As the series with the Royals continued into May, Kaline added three more singles in the next two games, which were 2-1 and 9-7 Detroit victories. A second inning single on May 1 was the 2,885th of his career, which moved him past Hall of Famer Zack Wheat on the all-time list. A brief slump then set in. Kaline went hitless in his next four games (although he did walk three times). That was part of an overall dreary week. Kaline sat out one game due to a strained hand, one game was rained out, and the Tigers also had a scheduled off-day mixed in.

Kaline snapped an 0-for-17 string on May 10 in the fourth inning against the Red Sox when he slammed Reggie Cleveland’s first pitch into the left-field stands at Tiger Stadium. It was his second home run of the season, and both had come at Reggie’s expense. This one was bigger. It was a three-run shot that turned a 2-0 Boston lead into a 3-2 Detroit lead. Kaline may have been fuming because Cleveland had brushed him back in the second inning. Peter Gammons of the Boston Globe suggested that “it didn’t help” matters for the Red Sox. Kaline singled off him in the sixth, but wasn’t involved in any further scoring. The Tigers needed a walk-off double from Ben Oglivie, who they had acquired from Boston, to put the Red Sox away 6-5. Kaline picked up two more hits the next day in an 8-5 loss.

The Tigers arrived in New York on May 14 for the first of two games with the Yankees. It was a different setting than usual, however. The brief series would be played at Shea Stadium, home of the National League’s Mets. Yankee Stadium was being remodeled that year, and Shea became the temporary home of the Yankees. It would soon become the 20th ballpark that Kaline got a hit in. (He said Shea looked nice.) New York Times columnist Dave Anderson was interested in talking with Kaline about his quest for 3,000 hits and his approach at the plate. Kaline told him,

"“It was 139 (hits to go) at the start of the season.  Now it’s down to 109. I’m a different hitter than I used to be. I’m not as aggressive with the bat. I’m more cautious now. The secret of being a good hitter is to wait for your pitch, and then hit it – and to bear down. Ty Cobb once told me, ‘Always bear down, because there’ll come a time when you won’t be able to bear down’.”"

Kaline would need to bear down against a former teammate, Yankees starting pitcher Pat Dobson. As a rookie reliever for the Tigers in 1967, Dobson got credit for his first big league win after a clutch Kaline hit triggered a game-winning, ninth-inning rally. Kaline hadn’t faced Dobson too many times as an opponent. He only had one hit in 11 at-bats coming into 1974, and Dobson retired him in their first two encounters in this game. Then “Mr. Tiger” struck back against the ex-Tiger. His RBI single in the fifth gave Detroit a 3-1 lead. The Tigers beat the Yankees 5-2 in the first of the two matchups.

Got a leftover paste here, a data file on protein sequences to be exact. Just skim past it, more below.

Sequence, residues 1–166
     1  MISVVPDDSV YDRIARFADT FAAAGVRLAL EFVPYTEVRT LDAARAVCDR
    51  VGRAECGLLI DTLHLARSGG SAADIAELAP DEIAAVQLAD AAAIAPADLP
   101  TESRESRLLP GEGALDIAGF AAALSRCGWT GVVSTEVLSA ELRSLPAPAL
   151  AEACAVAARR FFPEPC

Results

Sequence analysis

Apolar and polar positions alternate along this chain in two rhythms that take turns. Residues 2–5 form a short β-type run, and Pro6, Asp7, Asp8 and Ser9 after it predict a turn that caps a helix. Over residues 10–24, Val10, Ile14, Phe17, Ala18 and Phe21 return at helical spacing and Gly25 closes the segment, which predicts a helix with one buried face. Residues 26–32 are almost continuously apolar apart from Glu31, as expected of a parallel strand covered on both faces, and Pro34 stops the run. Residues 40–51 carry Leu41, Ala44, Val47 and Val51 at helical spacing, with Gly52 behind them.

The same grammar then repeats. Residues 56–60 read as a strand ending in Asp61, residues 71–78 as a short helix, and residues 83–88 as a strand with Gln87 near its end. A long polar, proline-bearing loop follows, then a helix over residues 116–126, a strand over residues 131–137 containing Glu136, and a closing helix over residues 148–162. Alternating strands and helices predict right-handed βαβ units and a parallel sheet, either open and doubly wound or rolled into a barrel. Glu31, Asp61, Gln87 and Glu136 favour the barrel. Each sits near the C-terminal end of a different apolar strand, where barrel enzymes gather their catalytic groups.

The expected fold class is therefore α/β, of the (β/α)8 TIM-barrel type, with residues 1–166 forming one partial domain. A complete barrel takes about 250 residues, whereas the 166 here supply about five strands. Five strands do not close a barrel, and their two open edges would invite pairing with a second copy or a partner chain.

In the next game, Kaline came to bat with the bases loaded and two outs in the eighth inning of a 5-5 tie. His seventh-inning single had knocked starter Dick Tidrow out of the game. Yankees relief ace Sparky Lyle was now on the mound. Kaline walked, much to the fury of Lyle, catcher Rick Dempsey, and New York manager Bill Virdon. All three vehemently disagreed with home plate umpire Jim Odom that the last two balls called were out of the strike zone. Lyle claimed that the ball four pitch was “right down the pipe”, and Dempsey concurred that it was “a perfect pitch”. Lyle ranted on and blurted,

"“I threw two sliders that should’ve struck Kaline out. If he was a rookie, he would’ve been called out.”"

To Kaline’s credit, he did finish his career with an above-average 11% walk rate and walked more (1,277) than he struck out (1,020), so he may have gotten the benefit of a doubt from an umpire who respected the veteran’s batting eye. Kaline’s free pass forced Mickey Stanley in with the go-ahead run in the 6-5 Tigers win.

Kaline picked up three more singles over his next five games, and then Houk moved him from cleanup to the three-hole in the Tigers lineup. That was where Kaline had spent much of his career. Ultimately, he ended up with 1,705 of his hits batting third. In his return as the Tigers’ third-place hitter on May 22 in Milwaukee, “Mr. Tiger” responded with a three-hit night. The first was a single to right to lead off the third. He came around to score the first of the Tigers’ two runs in the inning. Those runs tied the game at 2-2. Kaline broke the tie in the fifth when he singled to left and drove Eddie Brinkman in. In the seventh, Kaline singled and scored on Willie Horton’s home run. The Tigers went on to beat the Brewers 6-4.

When Kaline singled off the Indians’ Fritz Peterson at Tiger Stadium on May 24, it didn’t have an effect on the outcome of the game, a 3-1 Cleveland win. It was, however, the 2,900th hit of Kaline’s career. He was now 100 hits away from the magical number of 3,000. He resumed chipping away the next day with two more hits against the Indians. He singled Stanley home in the bottom of the first to give the Tigers a 1-0 lead. The Indians led 4-2 in the bottom of the eighth. Stanley and Kaline led off the inning with back-to-back singles. Horton clubbed a three-run home run, and Detroit came out on top 5-4.

The Tigers’ first West Coast road trip of the season began in Oakland on Memorial Day. Kaline singled twice in the series opener, but the A’s trounced the Tigers 12-2. The next day, Detroit faced righty Catfish Hunter, a future Hall of Famer that Kaline had trouble with. Coming into 1974, he was only 10-for-45 against Catfish in the regular season. In the 1972 American League Championship Series, Hunter had been especially tough. Kaline went hitless in six at-bats against him in Games 1 and 4. On this occasion, Kaline singled off Hunter in the sixth and scored a run. Thanks to a pair of homers from unlikely hero Gary Sutherland the Tigers beat the A’s 3-1.

Kaline singled off the Angels’ Bill Singer on May 31 in Detroit’s 5-3 loss in Anaheim. That gave him 22 hits for the month of May, although 21 of them were singles. The home run off Reggie Cleveland on May 10 was the lone exception. With 2,907 hits under his belt, Kaline’s quest for 3,000 would continue into June. The next pitcher standing in his way was Nolan Ryan, who had no-hit the Tigers one season earlier.

(To be continued…)